Joe Girard’s Rule of 52

Joe Girard (a man I’ve talked about before) is, according to the Guinness Book of World Records, the world’s greatest salesman. During the 60s and 70s, he sold something like 13,000 cars, and broke national sales records for 12 years in a row.

One of his essential techniques is the Rule of 52, which essentially means this:

The average number of people at a wedding or a funeral is around 52. The average person knows around 52 people on a reasonably close, first-name basis.

This means that every person to whom you sell something, or impress, or upset, has reasonable, direct access to approximately 52 people to inform regarding their experience with you.

If you’re wondering, the Rule of 52 was developed before the advent of social media. You and I know many people who have literally thousands of Facebook “friends”. It’s true that studies have shown that even these people probably only actually “know” less than 200 of those thousands. However, that doesn’t mean that a post on Facebook won’t go to many of those thousands of people regardless.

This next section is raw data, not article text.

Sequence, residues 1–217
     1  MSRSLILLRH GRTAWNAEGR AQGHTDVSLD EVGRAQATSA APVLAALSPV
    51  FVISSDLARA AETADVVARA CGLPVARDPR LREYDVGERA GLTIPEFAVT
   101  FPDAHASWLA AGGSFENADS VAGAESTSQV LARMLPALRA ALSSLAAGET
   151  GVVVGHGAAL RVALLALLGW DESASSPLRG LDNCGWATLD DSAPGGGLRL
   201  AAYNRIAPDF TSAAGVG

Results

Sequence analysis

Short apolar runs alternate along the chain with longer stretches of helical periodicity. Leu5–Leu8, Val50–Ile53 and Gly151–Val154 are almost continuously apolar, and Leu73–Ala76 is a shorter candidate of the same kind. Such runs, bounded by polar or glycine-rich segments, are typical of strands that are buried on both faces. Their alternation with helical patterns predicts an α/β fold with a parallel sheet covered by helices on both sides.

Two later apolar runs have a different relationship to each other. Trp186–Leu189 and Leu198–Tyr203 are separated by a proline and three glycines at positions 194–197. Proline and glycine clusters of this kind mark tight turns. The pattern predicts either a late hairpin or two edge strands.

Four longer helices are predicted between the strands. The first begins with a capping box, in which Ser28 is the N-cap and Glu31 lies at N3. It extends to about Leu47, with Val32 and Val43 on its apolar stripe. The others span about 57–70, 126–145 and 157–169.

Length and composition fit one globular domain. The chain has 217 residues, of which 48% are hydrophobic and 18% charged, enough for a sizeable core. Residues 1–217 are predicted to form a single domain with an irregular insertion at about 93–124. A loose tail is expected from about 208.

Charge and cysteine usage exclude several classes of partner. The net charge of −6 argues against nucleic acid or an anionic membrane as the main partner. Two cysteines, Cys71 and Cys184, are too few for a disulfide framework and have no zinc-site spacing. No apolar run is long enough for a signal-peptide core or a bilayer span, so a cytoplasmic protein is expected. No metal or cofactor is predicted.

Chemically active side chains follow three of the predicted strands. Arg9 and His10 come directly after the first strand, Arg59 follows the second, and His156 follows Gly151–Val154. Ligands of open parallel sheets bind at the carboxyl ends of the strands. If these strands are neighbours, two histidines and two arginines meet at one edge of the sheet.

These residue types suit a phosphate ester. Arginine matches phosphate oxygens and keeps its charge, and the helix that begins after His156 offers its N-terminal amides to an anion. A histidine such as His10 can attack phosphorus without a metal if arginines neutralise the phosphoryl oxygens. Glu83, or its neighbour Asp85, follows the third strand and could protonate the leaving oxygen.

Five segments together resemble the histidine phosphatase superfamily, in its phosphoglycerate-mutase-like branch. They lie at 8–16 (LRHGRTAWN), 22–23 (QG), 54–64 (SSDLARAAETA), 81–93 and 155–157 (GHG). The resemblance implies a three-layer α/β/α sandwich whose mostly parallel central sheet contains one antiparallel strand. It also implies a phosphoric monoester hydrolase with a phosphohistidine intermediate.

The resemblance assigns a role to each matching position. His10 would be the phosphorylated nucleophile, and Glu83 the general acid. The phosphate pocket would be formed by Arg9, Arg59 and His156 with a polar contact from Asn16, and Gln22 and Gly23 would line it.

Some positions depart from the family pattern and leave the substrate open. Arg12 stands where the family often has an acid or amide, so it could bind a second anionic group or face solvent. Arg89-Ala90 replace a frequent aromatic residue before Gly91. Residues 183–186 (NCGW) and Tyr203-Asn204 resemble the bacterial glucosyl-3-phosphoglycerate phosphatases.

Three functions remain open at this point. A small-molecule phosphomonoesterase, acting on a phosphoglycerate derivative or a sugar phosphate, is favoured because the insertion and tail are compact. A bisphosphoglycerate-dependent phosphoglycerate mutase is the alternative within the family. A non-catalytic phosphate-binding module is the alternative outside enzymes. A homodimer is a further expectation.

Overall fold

The corollary to the Rule of 52 is the Rule of 32, which applies to business people. This rule states that business owners know approximately 32 other business people of their rough equivalent status. When you sell a product or service to a business owner, that person could theoretically tell about 32 equivalent quality prospects all about it. (And again, this 32 is before things like LinkedIn.)

The point here is that you should never, ever view a single sales transaction as simply a sale to one person. It’s a “sale”, in a way, to between 32 and 52 (or more!) other people. There are plenty of hugely successful small business owners and salespeople who do nothing but stimulate referral business from those they close.

No reason you can’t do the same thing.

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